Making fossil fuel subsidies obsolete
In early 2012, the Nigerian government drastically cut diesel and petroleum subsidies, causing local fuel prices to more than double overnight. Violent public protests broke out in response, leading the government to quickly reinstate the subsidies. While this case is extreme, it illustrates a common challenge facing many countries: Despite the recognised benefits of fossil fuel subsidy reform, including climate change mitigation, the realit...
Clumps as temporary storage
Protein aggregates have a bad reputation. A number of human diseases, especially those of the nervous system, such as Alzheimer’s, Parkinson’s, or amyotrophic lateral sclerosis (ALS), are due to the clumping of degenerate proteins in nerve cells, creating aggregates that the cells cannot dissolve. This causes the cells to die. Now, researchers led by ETH Professor Matthias Peter and Reinhard Dechant have shed new light on protein aggr...
Biodegradable microsensors aid food monitoring
A new generation of microsensors could provide the vital link between food products and the Internet of Things. ETH researchers have developed an ultra-thin temperature sensor that is both biocompatible and biodegradable. Nowadays microsensors are already used in many different applications, such as the detection of poisonous gases. They are also integrated into miniaturised transmitter/receiver systems, such as the ubiquitous RFID chips.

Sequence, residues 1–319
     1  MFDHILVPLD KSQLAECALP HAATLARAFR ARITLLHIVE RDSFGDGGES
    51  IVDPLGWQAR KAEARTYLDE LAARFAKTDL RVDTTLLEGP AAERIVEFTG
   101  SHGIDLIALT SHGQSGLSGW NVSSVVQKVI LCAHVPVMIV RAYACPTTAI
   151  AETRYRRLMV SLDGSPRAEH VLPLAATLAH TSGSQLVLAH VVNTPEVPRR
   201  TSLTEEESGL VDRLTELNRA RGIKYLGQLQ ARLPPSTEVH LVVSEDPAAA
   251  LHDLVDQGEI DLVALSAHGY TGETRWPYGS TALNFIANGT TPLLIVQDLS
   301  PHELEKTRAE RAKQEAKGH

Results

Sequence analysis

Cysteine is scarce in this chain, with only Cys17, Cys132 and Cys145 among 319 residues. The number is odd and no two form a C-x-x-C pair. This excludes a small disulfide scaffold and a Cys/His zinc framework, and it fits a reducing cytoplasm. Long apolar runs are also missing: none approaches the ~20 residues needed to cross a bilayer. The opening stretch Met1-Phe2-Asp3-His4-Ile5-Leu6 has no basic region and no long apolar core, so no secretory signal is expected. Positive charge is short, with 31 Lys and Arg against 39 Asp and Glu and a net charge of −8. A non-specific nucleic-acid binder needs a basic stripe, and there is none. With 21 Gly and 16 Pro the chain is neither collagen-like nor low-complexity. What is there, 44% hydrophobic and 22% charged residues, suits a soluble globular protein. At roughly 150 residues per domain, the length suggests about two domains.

Regulator improves liver regeneration
By performing large-scale proteomics analysis of liver proteins, ETH researchers have discovered a protein that is essential for liver regeneration. They have also figured out the mechanism of the protein’s function. The liver is a wonderful thing: it’s the only organ able to fully regenerate with no scar tissue formation, even after major injury. In the case of organ donation, it is therefore generally possible to remove part of...